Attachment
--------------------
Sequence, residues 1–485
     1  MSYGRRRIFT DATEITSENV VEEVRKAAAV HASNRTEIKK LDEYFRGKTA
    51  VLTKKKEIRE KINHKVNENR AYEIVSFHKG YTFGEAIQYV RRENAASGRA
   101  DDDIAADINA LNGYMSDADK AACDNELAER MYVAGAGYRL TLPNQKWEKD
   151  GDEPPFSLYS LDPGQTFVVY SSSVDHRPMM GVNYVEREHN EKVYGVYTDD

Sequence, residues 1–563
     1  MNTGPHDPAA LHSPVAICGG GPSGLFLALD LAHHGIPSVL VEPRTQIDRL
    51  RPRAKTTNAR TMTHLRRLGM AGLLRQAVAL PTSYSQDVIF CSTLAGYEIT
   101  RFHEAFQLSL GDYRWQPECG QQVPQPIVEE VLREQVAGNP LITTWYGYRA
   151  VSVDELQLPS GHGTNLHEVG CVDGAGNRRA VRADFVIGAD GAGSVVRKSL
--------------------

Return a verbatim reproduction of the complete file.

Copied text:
Sequence, residues 1–485
     1  MSYGRRRIFT DATEITSENV VEEVRKAAAV HASNRTEIKK LDEYFRGKTA
    51  VLTKKKEIRE KINHKVNENR AYEIVSFHKG YTFGEAIQYV RRENAASGRA
   101  DDDIAADINA LNGYMSDADK AACDNELAER MYVAGAGYRL TLPNQKWEKD
   151  GDEPPFSLYS LDPGQTFVVY SSSVDHRPMM GVNYVEREHN EKVYGVYTDD

Sequence, residues 1–563
     1  MNTGPHDPAA LHSPVAICGG GPSGLFLALD LAHHGIPSVL VEPRTQIDRL
    51  RPRAKTTNAR TMTHLRRLGM AGLLRQAVAL PTSYSQDVIF CSTLAGYEIT
   101  RFHEAFQLSL GDYRWQPECG QQVPQPIVEE VLREQVAGNP LITTWYGYRA
   151  VSVDELQLPS GHGTNLHEVG CVDGAGNRRA VRADFVIGAD GAGSVVRKSL